This stands in contrast to the secret stamped documents Brennpunkt found in Norad’s archives. It says that the Embassy and Norad wanted the following Norwegian kroner assistance should be returned to the Grameen Bank:
Overall, this is 279 million Norwegian kroner assistance, the Embassy of Norad’s support demanded that Yunus and his men would return to the Grameen Bank.
So this is 109 million more than the 170 million who Norad in his report wrote that was returned from Grameen Kalyan Grameen Bank.
|Norad report 2010:||Embassy / Norad in 1998:|
|Phase IV:||106 million||120 million|
|Phase III:||64 million||64.8 million NOK|
|Additional Appropriation:||NOK 0||94.25 million NOK *)|
|*) According to the embassy was “the largest component” of this amount to the mortgage. The exact amount will not provide the documents, but said the embassy was “reasonable to consider these funds as a natural resident of the revolving fund and not as temporarily Grameen Bank can give to another institution for a new application.”|
There are two circumstances in which the discrepancy is not explained by Norad.
Firstly, the embassy wrote in 1998 that the support given to the revolving funds in the contracts under Phase IV was 120 million. Norad report writing, however, that the amount that was reversed during Phase IV was 106 million. Norad not explain the difference of 14 million.
Second, Norad away from the aid of 94.25 million crowns provided as additional appropriations. The largest component of this was the mortgage for flood victims who Embassy / Norad then in the secret documents that had demanded be returned from Grameen Kalyan Grameen Bank.
Despite the fact that Norwegian aid authorities at the time believed that all these Norwegian amounts were unlawfully tapped from Grameen Bank, they went in for a compromise. In the aforementioned letter from the embassy to Norad 5 May 1998 justified this by saying that Norway is not the law in hand expect more:
“After the embassy’s view compromise proposal represents a satisfactory solution in relation to what might be applicable legal and contractual.”
It is also worth noting that Norad’s statement does not take up the aid money from other countries and institutions that were transferred from the Grameen Bank Grameen Kalyan.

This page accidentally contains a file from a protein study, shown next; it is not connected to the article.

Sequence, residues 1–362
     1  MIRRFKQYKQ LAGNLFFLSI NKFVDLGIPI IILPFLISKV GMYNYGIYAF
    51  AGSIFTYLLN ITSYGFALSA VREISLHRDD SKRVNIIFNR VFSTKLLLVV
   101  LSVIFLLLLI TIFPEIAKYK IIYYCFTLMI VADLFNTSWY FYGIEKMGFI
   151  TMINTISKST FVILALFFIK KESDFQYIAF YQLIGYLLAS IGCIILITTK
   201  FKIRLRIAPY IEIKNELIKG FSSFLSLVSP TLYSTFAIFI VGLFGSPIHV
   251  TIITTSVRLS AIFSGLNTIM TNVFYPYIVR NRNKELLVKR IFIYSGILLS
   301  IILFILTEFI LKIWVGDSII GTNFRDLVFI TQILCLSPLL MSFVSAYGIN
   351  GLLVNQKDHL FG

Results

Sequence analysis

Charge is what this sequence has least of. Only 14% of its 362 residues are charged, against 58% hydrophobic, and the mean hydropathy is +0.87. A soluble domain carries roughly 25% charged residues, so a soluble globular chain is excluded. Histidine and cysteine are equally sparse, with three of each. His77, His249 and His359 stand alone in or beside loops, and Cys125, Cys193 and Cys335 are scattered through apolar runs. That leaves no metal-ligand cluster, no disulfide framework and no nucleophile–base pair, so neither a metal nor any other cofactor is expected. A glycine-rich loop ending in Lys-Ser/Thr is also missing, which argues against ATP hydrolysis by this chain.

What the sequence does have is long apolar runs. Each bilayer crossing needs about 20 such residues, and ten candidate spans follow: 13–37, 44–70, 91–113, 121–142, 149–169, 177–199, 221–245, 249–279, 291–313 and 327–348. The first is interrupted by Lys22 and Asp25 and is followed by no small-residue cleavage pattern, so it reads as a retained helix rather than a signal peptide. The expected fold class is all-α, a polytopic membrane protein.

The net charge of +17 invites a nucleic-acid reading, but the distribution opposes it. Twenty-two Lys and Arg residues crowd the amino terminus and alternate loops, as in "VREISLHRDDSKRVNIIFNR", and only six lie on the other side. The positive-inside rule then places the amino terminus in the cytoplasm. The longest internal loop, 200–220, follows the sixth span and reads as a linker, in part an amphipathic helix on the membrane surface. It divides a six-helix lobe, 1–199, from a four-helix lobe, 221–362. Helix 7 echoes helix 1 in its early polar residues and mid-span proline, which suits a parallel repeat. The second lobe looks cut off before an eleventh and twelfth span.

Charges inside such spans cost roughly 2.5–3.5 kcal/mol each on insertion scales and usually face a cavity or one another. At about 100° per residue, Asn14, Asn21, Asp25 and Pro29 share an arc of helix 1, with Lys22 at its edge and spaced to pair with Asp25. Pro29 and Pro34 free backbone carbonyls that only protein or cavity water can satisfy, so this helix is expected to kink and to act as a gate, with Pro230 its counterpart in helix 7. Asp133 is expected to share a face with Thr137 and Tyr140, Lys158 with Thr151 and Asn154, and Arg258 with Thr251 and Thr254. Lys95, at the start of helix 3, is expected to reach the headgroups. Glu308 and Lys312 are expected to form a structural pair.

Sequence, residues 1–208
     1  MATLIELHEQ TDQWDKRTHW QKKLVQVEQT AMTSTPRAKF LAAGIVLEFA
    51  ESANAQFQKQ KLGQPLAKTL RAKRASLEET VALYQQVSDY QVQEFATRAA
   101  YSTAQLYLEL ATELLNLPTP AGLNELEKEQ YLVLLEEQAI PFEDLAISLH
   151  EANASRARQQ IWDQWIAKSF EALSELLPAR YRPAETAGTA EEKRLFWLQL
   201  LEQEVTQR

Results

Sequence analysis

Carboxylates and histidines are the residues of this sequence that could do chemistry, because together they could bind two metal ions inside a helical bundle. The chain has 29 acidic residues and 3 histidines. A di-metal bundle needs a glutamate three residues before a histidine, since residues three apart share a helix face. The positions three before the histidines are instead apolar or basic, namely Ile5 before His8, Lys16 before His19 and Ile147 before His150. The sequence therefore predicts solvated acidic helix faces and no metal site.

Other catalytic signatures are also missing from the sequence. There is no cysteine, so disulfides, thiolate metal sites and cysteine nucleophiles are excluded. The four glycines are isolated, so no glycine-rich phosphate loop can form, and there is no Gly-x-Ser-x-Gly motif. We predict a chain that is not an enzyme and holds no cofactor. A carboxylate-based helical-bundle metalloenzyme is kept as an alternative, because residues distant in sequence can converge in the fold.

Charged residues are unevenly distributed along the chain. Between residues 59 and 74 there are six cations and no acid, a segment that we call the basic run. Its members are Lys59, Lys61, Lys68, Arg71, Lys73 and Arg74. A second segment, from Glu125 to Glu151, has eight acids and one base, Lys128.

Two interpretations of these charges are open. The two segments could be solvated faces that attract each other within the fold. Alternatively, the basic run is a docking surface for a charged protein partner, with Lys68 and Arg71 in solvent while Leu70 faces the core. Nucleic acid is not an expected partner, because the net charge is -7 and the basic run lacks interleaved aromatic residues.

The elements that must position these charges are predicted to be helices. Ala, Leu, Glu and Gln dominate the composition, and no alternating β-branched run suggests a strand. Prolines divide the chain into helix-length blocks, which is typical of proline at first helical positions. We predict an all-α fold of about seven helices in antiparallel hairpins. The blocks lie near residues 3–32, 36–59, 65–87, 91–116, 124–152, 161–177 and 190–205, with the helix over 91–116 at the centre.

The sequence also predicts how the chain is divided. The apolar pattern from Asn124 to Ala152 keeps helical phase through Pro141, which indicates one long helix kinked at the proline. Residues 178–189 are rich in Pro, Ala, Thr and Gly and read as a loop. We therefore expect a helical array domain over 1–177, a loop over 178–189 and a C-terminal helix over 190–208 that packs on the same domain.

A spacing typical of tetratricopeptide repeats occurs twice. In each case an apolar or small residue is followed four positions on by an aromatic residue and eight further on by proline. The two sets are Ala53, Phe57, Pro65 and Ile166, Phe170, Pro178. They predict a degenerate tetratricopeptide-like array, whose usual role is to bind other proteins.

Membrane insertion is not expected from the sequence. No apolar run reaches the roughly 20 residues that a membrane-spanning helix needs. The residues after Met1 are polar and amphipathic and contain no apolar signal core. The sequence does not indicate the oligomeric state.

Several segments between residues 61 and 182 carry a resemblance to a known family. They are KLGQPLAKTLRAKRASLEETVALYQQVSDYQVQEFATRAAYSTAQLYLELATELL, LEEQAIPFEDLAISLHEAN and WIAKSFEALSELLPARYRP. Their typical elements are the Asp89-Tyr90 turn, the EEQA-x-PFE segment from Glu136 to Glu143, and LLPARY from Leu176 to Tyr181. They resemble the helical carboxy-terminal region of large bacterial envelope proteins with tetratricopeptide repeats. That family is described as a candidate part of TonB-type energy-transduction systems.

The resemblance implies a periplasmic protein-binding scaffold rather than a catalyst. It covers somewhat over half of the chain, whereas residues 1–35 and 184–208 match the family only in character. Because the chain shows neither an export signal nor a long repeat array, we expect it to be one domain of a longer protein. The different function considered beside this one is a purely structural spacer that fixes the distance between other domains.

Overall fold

Grameen Bank was under the Phase III funding from the Assistance Consortium, consisting of NORAD, SIDA, IFAD, CIDA, GTZ, KfW and the Ford Foundation. Together, these institutions contributed with 420.4 million to the revolving funds in the period 1989-92.
In 1998, the contact Norad, SIDA, the Swedish aid authorities to notify them of the transactions from the Grameen Bank Grameen Kalyan. Focus has been told that from SIDA, the Swedish contribution during Phase III was the entire 190 million.
SIDA, however, chose not to pursue the matter, because they did not want to destroy the “credibility of the Grameen family,” as it says in a letter from the Swedish Embassy in Bangladesh, dated 17 March, as the Focal Point has received from SIDA:
“No one wants two make a big thing out of this as It Might angry the creditability of the Grameen family and pray That Would detrimental two the whole Cause.”
Based on the secret documents Brennpunkt found in Norad’s archives, there are many factors that the public still have not received an explanation or full access to:
THE BOTTOM LINE:
It seems that 608 million (the documented 540 million aid NOK from NORAD and
other donors) were transferred WITHOUT INFORMING THE DONORS to Grameen Kalyan,
which had a completely different purpose than the Grameen Bank (among
other things, to create joint ventures, invest in other companies,
invest capital in shares, etc).
- 50 million had already been transferred to Grameen Telecom /
Grameenphone when the embassy raised the alarm.
- Embassy / NORAD originally demanded that all the Norwegian funds
would be returned and asked for a total amount of around 275
- Embassy / Norad agreed to a compromise of 170 million, which meant
that not all of the Norwegian funds Embassy / Norad at the time
believed was transferred was returned to the Grameen
- There is no evidence to show that Grameen Kalyan has returned rest of
the aid funds provided by other countries / institutions, as they
claim. Swedish aid agencies (SIDA) has provided evidence to us which
shows that Sweden gave 190 million Swedish kronor, which was
transferred from the Grameen Bank Grameen Kalyan. But they concluded
that they would not join in the Norway’s demand for repatriation of
funds because they did not want to damage the Grameen Bank’s good name and